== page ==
SV: A lot of your chapters, including the very first one, end in mini cliffhangers of sorts. In just one line, you can take such a sharp turn and startle with your subtle, emotional impact. A lot of writers find ending chapters and books to be the most difficult part. How do more impactful endings factor into your book and your writing process? How did you decide on what would be the last lines? 

AP: I think part of that “mini cliffhanger” technique you mentioned comes from writing a lot of flash nonfiction for magazines like Brevity and River Teeth, which are both in the 750-word range. I love the challenge of that much compression and story in so little space. I think writing in flash form helped me write endings that are short and concise but that in a larger manuscript can serve as springboards to the next section while still providing closure to the previous one.   


"My hope is that after reading my book, people might become more cautious about trying new ‘amazing’ medical procedures right after they come on the market. Wait. Research. Proceed slowly. Get second opinions."


SV: Your memoir raises awareness of the dangers of the surgery that your mother went through. Do you know if it is still being performed today? What else would you like people to know about it? 

AP: Shortly after my mom’s death, the mesh product used in her surgery was taken off the market. At this point, there are class-action lawsuits popping up all over the place about it. One of the things I learned during this whole, horrible ordeal was that medical devices don’t have the same stringent, long-term testing requirements that medications do. There are loopholes for getting a product fast-tracked with little to no studies done. If I let myself think about this too much, I still get very angry, so I try to let it go. My hope is that after reading my book, people might become more cautious about trying new “amazing” medical procedures right after they come on the market. Wait. Research. Proceed slowly. Get second opinions.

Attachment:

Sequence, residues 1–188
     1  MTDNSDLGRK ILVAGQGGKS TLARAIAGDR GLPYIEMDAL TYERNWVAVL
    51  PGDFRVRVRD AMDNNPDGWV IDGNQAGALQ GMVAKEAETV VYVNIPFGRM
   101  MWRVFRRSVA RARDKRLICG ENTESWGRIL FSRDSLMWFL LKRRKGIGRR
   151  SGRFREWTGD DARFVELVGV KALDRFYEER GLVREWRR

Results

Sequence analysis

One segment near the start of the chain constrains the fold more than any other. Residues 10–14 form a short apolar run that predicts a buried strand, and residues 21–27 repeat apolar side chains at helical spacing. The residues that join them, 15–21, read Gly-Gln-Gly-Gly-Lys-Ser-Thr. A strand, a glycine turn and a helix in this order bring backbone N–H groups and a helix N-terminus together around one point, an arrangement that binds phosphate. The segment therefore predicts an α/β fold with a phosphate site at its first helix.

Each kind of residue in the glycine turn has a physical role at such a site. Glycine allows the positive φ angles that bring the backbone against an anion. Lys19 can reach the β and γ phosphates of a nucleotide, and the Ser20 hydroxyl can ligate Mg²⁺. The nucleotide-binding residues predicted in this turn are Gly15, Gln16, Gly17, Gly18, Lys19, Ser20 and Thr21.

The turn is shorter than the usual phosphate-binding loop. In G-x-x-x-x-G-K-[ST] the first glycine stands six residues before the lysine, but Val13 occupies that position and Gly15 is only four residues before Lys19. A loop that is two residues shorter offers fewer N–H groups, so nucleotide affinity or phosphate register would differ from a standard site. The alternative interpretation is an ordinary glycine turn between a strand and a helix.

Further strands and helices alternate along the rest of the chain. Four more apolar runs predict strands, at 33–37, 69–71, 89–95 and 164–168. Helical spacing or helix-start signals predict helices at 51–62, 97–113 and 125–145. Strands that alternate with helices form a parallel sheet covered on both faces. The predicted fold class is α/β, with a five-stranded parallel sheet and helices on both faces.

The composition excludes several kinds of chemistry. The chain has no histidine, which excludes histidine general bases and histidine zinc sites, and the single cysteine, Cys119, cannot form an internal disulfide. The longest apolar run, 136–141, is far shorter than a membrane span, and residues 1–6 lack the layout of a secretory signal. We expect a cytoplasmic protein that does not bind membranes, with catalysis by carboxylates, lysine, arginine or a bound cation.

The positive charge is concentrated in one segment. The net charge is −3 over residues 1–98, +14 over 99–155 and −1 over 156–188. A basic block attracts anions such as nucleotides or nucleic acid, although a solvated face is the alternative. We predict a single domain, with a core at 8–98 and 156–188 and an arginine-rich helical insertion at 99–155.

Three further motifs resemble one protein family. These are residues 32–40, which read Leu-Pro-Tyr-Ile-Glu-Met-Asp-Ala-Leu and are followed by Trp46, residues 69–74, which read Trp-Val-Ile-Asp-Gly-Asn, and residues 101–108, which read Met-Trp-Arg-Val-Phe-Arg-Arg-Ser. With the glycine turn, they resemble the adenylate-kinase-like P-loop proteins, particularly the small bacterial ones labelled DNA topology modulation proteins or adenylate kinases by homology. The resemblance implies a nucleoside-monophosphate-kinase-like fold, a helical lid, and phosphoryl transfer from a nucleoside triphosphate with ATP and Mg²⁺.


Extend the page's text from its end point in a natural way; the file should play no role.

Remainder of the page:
SV: Last one! Stillhouse is honored to add your memoir to our collection of intimate, daring books by fantastic authors! What made you go with a small, independent press?  

 Panning and Stillhouse Director of Media & Marketing, Meghan McNamara at AWP 2017 in Tampa, FL.

Panning and Stillhouse Director of Media & Marketing, Meghan McNamara at AWP 2017 in Tampa, FL.

AP: All my books have been published by small presses, and I couldn’t be happier about that.  Being published by a small press is like gaining a lifelong friendship. I love the intimate, personal way I’m treated, and how small presses welcome writers’ input at every step of the process. In the short time I’ve worked with Stillhouse Press, I’ve gotten to know a wonderful web of writers, editors, artists and students who have made me feel welcome and valued. Also, small presses champion all their books because their lists aren’t so overwhelmingly long; they also keep your books in print long after any commercial press would. Because they aren’t driven and pressured by the need to make huge corporate profits, they often take on books that don’t fall easily in the mainstream, whether it be content or form. For me, it’s absolutely been the way to go. 


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Sean van der Heijden is pursuing his MFA in Creative Writing at George Mason University, where he focuses on short stories and is currently working on a novel.
When he’s not reading or writing, he likes to watch movies, travel to as many places as possible, and obsessively stop to take photos of nature.